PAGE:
Normally, the loser in the Court of Appeals is who petitions the Supreme Court for a writ of certiorari. In this case, our side was so confident of the rightness of Judge Silberman’s opinion—and so concerned about the Supreme Court justices that President Hillary Clinton will appoint after she wins the election next year—that they also decided to ask the Supreme Court to hear the appeal.
The Supreme Court has done exactly that. On November 20th, the Court granted a writ of certiorari in the D.C. lawsuit. As is usually the case on an appeal, the Court specified exactly what narrow questions of law they expect both sides to argue: “Whether the following provisions, D.C. Code §§ 7-2502.02(a)(4), 22-4504(a), and 7-2507.02, violate the Second Amendment rights of individuals who are not affiliated with any state-regulated militia, but who wish to keep handguns and other firearms for private use in their homes?”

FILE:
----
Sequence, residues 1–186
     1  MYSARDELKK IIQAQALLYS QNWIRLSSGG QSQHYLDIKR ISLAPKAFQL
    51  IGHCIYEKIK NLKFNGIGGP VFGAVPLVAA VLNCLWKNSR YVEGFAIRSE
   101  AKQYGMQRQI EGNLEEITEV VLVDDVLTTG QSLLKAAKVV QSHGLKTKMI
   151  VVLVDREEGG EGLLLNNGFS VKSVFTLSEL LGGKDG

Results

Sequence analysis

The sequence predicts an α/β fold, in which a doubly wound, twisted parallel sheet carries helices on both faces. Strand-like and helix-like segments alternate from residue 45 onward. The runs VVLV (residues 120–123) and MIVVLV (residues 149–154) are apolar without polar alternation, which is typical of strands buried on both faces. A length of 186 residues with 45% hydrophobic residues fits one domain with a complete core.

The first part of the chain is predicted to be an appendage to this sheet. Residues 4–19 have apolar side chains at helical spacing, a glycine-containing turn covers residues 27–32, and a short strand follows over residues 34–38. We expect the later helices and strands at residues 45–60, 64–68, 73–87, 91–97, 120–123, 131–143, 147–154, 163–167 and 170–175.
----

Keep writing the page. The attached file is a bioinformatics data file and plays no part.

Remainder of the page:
It appears that D.C. must submit their briefs arguing against an individual right to possess handguns by January 4, 2008. Our side then gets thirty days to respond to their briefs (so by February 3). D.C. gets another thirty days to respond to our side’s response. The expectation is that the Supreme Court will hear oral arguments sometime thereafter, but certainly before June of 2008.
Now, at this point, you are probably wondering, “What is going to happen? Are we going to win?” If Supreme Court decisions were just about which side has the stronger argument or the most evidence, this would not be something over which I would lose any sleep. The gun control side has one of the most pitifully weak historical arguments that I can ever recall hearing. I debated the meaning of the Second Amendment with Professor Jack Rakove, a Stanford University history professor, at Houston Community College in early November. I have never seen someone so utterly unprepared to defend his position. It was definitely like shooting fish in a barrel. Increasingly, their side is reduced to suppositions about what they think might have been the intent of the Framers; our side has gobs of very, very clear evidence of intent. The historical facts are overwhelmingly on our side.